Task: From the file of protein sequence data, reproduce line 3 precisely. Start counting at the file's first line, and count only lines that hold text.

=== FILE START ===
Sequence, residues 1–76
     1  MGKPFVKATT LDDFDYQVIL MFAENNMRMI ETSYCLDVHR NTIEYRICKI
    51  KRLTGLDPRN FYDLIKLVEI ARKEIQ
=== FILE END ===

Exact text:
    51  KRLTGLDPRN FYDLIKLVEI ARKEIQ